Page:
Holiday Viewing: The Shop Around the Corner
The essential Jimmy Stewart Christmas movie (no, not that one)
By Kimberley Jones,
12:01AM, Fri. Dec. 1, 2017
James Stewart was perfect for the part – “the antithesis of the old-time matinee idol; he holds his public by his very lack of a handsome face or a suave manner.” Frank Capra may very well have been drawn to the same qualities when he cast Stewart in It’s a Wonderful Life, but in 1940, it was Ernst Lubitsch who spotted the everyman in his leading man.
The Shop Around the Corner was Stewart’s first and only collaboration with Lubitsch, and while Stewart’s screen persona – one of essential decency – was already well-established by 1940 (bolstered in back-to-back Capra pictures You Can’t Take it With You and Mr. Smith Goes to Washington), for Lubitsch this Christmastime film marked a swerve from his usual m.o.
Lubitsch’s career moved through a number of key changes – first acting in Max Reinhardt’s Berlin troupe, then helming historical pictures at UFA; a move stateside where he made musicals frequently pairing Jeanette MacDonald and Maurice Chevalier, then dropping the song but still making music with a run of witty sex comedies. He also spent a year, not very successfully, as head of production at Paramount.
There’s no overstating how deliciously risqué Lubitsch’s Thirties pictures were, how they blithely pirouetted around the pre-Code line of respectability with stories of extra-marital flirtation and partner-sharing (including the sterling Trouble in Paradise and underrated Design for Living). In collaboration with some of the great screenwriters of early American cinema – including Samson Raphaelson, Ben Hecht, Billy Wilder and Charles Brackett – Lubitsch applied his patented touch to romantic comedies that were irresistibly louche and bouncy with hedonistic zeal. Arguably – because Lubitsch fans like to argue about which film was his best – that style hit its apex with 1939’s sublime Ninotchka, which starred Greta Garbo as a Soviet apparatchik seduced by the life-affirming frivolity of a hat.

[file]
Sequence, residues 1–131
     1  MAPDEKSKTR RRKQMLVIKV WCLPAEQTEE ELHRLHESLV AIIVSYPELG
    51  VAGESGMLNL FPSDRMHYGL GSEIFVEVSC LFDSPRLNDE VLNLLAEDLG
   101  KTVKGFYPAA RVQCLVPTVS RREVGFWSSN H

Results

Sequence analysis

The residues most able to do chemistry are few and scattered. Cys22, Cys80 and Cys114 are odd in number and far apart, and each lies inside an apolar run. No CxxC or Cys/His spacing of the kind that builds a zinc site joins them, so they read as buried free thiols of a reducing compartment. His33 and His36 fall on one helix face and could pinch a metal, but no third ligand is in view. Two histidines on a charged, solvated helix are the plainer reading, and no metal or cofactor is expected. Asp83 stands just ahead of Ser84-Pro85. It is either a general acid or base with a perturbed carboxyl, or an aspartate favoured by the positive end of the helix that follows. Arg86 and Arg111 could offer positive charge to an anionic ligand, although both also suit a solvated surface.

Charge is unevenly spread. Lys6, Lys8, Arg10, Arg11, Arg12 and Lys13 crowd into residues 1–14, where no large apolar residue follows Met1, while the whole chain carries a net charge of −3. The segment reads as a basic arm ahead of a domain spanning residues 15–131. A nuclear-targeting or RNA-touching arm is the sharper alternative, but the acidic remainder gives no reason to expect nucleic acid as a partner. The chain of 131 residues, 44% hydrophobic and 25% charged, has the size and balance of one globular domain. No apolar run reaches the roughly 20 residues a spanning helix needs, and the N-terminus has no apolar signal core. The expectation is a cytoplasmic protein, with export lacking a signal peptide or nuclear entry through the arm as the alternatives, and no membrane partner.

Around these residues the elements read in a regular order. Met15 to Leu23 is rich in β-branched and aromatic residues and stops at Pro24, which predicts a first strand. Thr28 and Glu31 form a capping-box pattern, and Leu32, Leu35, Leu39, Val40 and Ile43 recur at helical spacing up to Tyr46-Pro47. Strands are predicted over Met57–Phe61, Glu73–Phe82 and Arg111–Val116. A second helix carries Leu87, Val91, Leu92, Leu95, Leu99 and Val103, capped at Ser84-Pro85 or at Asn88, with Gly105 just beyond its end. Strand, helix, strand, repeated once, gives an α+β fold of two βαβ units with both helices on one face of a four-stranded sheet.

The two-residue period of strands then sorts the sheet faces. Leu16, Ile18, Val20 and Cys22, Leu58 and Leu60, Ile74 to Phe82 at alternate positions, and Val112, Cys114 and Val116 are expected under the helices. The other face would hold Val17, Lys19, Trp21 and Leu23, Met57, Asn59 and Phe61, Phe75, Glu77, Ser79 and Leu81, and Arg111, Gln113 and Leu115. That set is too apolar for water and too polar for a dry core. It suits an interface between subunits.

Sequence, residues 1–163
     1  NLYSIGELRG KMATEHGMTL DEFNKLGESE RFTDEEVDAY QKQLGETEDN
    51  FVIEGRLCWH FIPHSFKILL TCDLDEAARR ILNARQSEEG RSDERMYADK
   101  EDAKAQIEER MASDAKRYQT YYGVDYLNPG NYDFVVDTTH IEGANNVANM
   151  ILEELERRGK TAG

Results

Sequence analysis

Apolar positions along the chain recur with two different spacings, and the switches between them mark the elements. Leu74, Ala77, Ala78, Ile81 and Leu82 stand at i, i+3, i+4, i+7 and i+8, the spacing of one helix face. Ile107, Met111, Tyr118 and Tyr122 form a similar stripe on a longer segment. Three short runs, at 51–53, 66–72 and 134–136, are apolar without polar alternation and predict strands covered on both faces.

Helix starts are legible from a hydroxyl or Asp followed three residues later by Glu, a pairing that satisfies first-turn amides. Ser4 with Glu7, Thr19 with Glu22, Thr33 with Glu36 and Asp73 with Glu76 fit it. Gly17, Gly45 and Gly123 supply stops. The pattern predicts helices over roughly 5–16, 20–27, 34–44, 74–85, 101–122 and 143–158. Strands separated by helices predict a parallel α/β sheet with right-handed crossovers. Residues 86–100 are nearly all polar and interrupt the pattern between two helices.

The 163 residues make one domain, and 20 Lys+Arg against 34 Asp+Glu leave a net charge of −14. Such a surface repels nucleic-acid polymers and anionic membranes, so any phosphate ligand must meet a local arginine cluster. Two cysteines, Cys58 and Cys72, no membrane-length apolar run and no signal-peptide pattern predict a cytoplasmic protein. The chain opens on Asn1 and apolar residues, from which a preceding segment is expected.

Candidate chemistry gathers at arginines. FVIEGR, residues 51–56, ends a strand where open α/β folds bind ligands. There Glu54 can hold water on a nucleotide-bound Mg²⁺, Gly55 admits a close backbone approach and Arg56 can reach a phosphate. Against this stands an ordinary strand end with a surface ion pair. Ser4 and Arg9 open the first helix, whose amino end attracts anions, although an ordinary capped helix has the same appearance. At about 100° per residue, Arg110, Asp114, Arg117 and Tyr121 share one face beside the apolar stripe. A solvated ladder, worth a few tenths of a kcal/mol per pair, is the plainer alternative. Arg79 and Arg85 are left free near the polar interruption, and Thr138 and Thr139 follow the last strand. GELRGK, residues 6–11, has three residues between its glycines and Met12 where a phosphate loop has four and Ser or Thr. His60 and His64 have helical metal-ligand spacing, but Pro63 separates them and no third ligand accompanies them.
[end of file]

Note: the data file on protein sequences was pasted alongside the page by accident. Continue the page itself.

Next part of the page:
So what inspired him to trade in the playboys and aristocrats and charming scam artists he so often trafficked in for a tender love story about shop clerks?
According to biographer Scott Eyman (Ernst Lubitsch: Laughter in Paradise), Lubitsch told the New York Sun in November of 1939 that “We must show people living in the real world. No one used to care how characters made their living – if the picture was amusing. Now they do care. They want their stories tied up to life.”
Lubitsch’s own life had experienced plenty upheaval; his second marriage was strained, and in September of ’39, he almost lost his infant daughter in a maritime disaster, when a German U-boat torpedoed the SS Athenia, the first British ship to be sunk during World War II. Hitler’s march to power deeply affected Lubitsch, a German Jew; his follow-up to The Shop Around the Corner, 1941's To Be or Not to Be is a brilliant act of comedy as political resistance.
Certainly the setting of The Shop Around the Corner was more autobiographically close for the director than any of his previous outings; the film’s leather goods store in Budapest isn’t so far removed from his father’s tailoring shop in Berlin. At Matuschek and Co., shop clerks Alfred Kralik (Stewart) and Klara (Margaret Sullavan) bicker constantly, no love lost between them. Besides, they’re already taken; each has been corresponding with an anonymous pen pal in letters addressed to “Dear Friend.” The wrinkle, of course, is that Kralik and Klara have been unknowingly penning love letters to each other.
Plot sound familiar? Originally adapted from a Hungarian play by Miklós László, it’s since been refreshed three times: in the 1949 musical In the Good Old Summertime starring Judy Garland, 1960 Broadway musical She Loves Me, and Nora Ephron’s 1998 comedy You’ve Got Mail, which cannily adapted the story to nascent internet culture.
Even if you’ve never seen any of these iterations, you know where The Shop Around the Corner is going. There’s such sweet inevitability to Klara and Kralik’s love story. That doesn’t mean the movie is all softness; Lubitsch gooses laughs from an adulterous affair and a suicide attempt, after all. The real surprise is in how earnestly the director of some of the finest, spikiest romantic comedies ever made is willing to step off the gas and let heartfelt romance win the day. And it so very winning.
The Shop Around the Corner airs on Turner Classic Movies on Sunday, Dec. 3, 11am; Friday, Dec. 15, 7pm; and Monday, Dec. 25, 5pm.
Throughout December, the Chronicle film team is highlighting some of our favorite seasonal film and TV offerings. Find a new recommendation every day at our Holiday Movie Advent Calendar.